Boston House, Steven Harris Architects

bostonhouse10Steven Harris Architects, the multiple award winning architectural firm established in 1985 and based in Tribeca New York, has been involved in numerous high-profile residential and commercial projects.


In their first monograph, True Life, published by Princeton Architectural Press in 2010, 25 years of the firm’s residential work was featured. In the book’s introduction, the firm’s founding partner, Steven Harris, is described as having two favorite words: “Effortless” and “inevitable.”


Not something you would necessarily expect from the eminent Harris who is also a professor of Architecture at Yale. Furthermore, the book’s focus is not on fine dwellings but on the people and the activities they engage in in their homes.


Specifically, the introduction of the now-out-of-print book describes how Steven Harris Architecture approaches entry halls “…not as primary places or arrival, but rather the final segments of a long trajectory that begins when the resident turns off the main road or exits the elevator.”


Entry halls are, indeed, prominent in many of the elegant renovations of stately residences and historical estates that the firm has completed over the years.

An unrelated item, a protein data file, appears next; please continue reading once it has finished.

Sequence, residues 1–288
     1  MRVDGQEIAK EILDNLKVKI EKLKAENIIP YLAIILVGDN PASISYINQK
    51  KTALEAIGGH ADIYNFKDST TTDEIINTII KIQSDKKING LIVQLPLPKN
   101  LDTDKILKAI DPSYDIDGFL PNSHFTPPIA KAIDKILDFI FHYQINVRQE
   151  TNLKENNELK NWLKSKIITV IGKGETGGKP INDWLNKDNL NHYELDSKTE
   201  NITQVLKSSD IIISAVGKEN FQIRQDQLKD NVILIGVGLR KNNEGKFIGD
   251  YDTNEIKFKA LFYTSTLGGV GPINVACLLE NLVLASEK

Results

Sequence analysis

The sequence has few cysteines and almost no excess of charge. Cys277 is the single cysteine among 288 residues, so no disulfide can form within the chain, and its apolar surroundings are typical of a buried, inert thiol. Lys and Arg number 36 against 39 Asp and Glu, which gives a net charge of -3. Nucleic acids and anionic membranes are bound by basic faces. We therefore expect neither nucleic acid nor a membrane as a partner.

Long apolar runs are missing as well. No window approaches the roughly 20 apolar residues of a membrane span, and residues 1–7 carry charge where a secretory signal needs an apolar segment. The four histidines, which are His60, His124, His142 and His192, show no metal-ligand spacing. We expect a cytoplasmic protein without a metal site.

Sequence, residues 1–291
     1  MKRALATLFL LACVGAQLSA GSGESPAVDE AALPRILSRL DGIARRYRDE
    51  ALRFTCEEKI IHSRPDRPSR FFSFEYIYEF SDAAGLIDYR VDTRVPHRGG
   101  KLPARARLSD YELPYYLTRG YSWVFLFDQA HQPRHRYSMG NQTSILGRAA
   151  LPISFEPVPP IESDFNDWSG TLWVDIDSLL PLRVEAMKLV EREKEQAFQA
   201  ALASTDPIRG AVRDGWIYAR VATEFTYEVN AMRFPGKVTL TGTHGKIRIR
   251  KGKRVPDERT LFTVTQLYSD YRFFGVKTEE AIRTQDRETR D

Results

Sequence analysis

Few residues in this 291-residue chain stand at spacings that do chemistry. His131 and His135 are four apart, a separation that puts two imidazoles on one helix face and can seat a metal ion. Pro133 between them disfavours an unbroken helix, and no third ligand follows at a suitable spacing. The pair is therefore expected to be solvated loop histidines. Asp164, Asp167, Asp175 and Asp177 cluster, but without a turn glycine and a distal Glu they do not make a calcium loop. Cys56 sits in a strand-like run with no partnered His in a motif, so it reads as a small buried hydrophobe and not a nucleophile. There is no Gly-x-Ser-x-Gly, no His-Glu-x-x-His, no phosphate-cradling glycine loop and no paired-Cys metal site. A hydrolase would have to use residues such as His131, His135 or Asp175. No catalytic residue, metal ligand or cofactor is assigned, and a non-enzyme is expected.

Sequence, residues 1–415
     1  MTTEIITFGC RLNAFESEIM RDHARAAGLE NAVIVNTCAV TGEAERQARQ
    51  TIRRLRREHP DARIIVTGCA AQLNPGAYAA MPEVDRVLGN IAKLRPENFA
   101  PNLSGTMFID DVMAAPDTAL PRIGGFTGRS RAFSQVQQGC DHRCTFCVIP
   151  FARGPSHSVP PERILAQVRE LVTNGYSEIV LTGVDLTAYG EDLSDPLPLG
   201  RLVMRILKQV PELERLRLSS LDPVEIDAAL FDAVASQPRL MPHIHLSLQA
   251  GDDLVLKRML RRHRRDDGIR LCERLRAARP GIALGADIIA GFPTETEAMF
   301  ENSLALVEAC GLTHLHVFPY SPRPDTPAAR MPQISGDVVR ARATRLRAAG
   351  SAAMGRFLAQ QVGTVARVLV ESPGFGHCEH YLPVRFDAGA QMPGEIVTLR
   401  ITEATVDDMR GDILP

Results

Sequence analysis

In the Boston house renovation, all of this comes together: elegance, inevitably effortless flow, an entry hall that appears to invite and draw in as the final segment of that long trajectory that brings the residents and their guests inside the home.


The exquisite calla-lily staircase is definitely a showpiece. But while it is stunning, it is not stern or pretentiously grandiose. It is organic and flowing, enveloping and enticing.


And although Steven Harris Architects is primarily known for its residential projects, one of their best-known retail projects features a striking staircases as well. At Barneys New York’s four-storey downtown Chelsea flagship store that opened in February 2016, the spiralling, white marble staircase has been described as a runway to heaven, but in practice it really is the only way to get to the upper floors. Practical, inevitable, effortless.


Most important, the classic, minimalist centre of attention has the same welcoming feel as the entry hall staircase in the Boston house. Tuija Seipell.


Photography: Scott Frances

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